ChessBase 25 Composing Tourney Awards – Part one
30.04.2012 – Special occasions in the chess world are often celebrated by chess problemists with a composition tourney. To celebrate the 25th anniversary of ChessBase we staged a commemorative tourney. A total of 73 eligible entries were received for this tourney, an excellent response. The tourney judge Dr John Nunn selected 22 prize winners and commendations. Today we bring you the top four.
ChessBase 25 Composing Tourney Awards – Part two
30.04.2012 – This tourney attracted wide participation – 73 entries, from which the tourney judge GM John Nunn selected 22 prize winners and commendations. In a second instalment of new studies, selected by the tourney judge, Dr Nunn, in his wonderful explanatory style, presents some dramatic themes, and also looks at two predecessors to one of the prize winning entries.

Anniversary articles for 25 years of ChessBase

ChessBase is 25 – everything 25% off in our shop
19.05.2011 – It is difficult to determine the exact date when ChessBase was born. Was it when a science journalist and a future World Champion discussed computer databases? Or when a very talented programmer started to actually write one? We think it was when the two showed the prototype to the World Champion and decided, at his urging, to commercialise the product. That was May 19, 1986.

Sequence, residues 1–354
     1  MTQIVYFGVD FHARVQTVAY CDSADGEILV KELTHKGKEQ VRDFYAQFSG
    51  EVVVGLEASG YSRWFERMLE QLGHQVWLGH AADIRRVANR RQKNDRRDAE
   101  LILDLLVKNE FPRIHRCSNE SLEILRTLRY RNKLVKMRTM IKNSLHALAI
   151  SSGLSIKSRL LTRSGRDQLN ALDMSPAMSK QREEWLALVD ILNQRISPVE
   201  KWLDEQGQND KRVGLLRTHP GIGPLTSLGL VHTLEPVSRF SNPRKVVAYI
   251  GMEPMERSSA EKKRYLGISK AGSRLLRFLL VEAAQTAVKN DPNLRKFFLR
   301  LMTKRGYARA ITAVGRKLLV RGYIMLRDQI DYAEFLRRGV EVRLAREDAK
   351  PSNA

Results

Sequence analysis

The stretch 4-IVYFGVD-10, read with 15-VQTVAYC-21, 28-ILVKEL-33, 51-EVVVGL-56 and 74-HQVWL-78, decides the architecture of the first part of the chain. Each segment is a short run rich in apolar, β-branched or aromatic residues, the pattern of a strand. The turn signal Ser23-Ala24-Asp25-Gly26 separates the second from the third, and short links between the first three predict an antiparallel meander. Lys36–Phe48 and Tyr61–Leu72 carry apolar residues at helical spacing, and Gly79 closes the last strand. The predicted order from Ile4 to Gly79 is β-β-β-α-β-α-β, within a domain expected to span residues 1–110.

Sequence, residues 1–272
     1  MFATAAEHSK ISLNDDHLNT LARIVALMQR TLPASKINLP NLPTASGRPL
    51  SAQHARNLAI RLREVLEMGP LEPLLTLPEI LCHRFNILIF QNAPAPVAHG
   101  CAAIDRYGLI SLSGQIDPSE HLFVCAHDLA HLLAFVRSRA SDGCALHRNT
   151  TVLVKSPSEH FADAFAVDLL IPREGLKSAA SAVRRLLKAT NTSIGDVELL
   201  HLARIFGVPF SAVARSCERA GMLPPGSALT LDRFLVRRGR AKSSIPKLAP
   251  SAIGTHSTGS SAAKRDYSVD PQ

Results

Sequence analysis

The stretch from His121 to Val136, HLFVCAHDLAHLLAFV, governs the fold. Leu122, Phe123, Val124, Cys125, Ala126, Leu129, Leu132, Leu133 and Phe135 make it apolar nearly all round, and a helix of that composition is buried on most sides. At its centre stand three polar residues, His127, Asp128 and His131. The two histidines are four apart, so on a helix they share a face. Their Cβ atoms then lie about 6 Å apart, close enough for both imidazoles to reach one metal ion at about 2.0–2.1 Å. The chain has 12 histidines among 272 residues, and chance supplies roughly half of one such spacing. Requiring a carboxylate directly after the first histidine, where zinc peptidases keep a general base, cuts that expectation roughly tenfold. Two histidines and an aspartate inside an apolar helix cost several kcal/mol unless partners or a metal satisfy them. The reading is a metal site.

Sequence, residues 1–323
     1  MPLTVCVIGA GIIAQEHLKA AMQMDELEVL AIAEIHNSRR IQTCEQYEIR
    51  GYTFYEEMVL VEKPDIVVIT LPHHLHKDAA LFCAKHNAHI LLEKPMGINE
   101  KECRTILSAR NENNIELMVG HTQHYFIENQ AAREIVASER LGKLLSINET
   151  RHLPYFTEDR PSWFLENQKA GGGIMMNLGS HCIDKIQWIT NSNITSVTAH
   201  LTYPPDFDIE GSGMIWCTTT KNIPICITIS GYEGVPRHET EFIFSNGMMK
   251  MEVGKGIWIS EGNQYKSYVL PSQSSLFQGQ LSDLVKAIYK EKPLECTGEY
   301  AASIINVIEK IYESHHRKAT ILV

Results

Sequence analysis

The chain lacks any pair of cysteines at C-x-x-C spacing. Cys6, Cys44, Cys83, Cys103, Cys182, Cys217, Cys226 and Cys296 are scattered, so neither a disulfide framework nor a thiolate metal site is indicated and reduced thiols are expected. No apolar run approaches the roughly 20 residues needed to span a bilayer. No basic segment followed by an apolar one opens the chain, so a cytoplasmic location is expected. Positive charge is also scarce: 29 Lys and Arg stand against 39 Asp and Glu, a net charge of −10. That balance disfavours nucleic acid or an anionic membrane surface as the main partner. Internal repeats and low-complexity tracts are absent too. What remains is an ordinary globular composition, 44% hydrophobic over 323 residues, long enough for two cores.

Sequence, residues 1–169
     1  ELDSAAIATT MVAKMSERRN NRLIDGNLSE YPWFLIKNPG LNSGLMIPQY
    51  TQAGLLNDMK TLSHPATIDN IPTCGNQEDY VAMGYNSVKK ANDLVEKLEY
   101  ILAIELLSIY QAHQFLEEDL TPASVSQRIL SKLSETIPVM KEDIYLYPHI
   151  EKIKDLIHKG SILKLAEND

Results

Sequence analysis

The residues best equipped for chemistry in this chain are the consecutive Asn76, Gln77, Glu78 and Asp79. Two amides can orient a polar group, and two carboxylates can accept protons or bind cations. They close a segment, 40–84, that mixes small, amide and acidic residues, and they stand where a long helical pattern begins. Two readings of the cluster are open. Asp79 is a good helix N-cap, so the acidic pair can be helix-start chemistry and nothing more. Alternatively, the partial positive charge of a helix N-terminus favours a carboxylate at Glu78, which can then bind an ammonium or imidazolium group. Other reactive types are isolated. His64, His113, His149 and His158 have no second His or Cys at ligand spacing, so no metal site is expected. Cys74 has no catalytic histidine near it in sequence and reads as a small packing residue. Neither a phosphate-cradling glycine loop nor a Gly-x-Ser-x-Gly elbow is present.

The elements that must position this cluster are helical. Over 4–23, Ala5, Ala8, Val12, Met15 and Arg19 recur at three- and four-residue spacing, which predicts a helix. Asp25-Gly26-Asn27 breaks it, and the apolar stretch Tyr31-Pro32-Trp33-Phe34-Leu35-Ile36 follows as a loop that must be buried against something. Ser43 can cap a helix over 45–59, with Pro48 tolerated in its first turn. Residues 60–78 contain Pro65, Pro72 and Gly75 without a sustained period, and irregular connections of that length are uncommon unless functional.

Greetings from Pál Benkö for 25 years of ChessBase
20.05.2011 – "Congratulations to ChessBase on your 25th anniversary! Your news page is the the first thing I look at every day when I go on the Internet. You do such wonderful work. Keep up your great service for the whole chess world." Heartening words from legendary great chess player, theorist, author and problem composer – who in addition sent six anniversary puzzles for our readers.
ChessBase is 25: Birthday greetings from Anand
01.06.2011 – Our company was born on May 19, 1986, twenty-five years ago, and on May 19, 2011 one of our most loyal friends, World Champion Viswanathan Anand, logged into the Playchess server and sent us a ten-minute birthday greeting. It was quite moving to be reminded of the early days by one who was present at the time – and who has remained a close friend ever since. Must-watch historical video.
Kasparov on 25 Years of ChessBase
08.06.2011 – He was there at the start – actually before that, when a chess database was just an idea in the minds of a few enthusiasts. And when he saw the first prototype Garry Kasparov immediately pushed for its completion. For the 25th anniversary of ChessBase he sent us a very moving statement, recorded in his study in Moscow, describing the birth of what he calls the ChessBase generation.

Reports about chess: tournaments, championships, portraits, interviews, World Championships, product launches and more.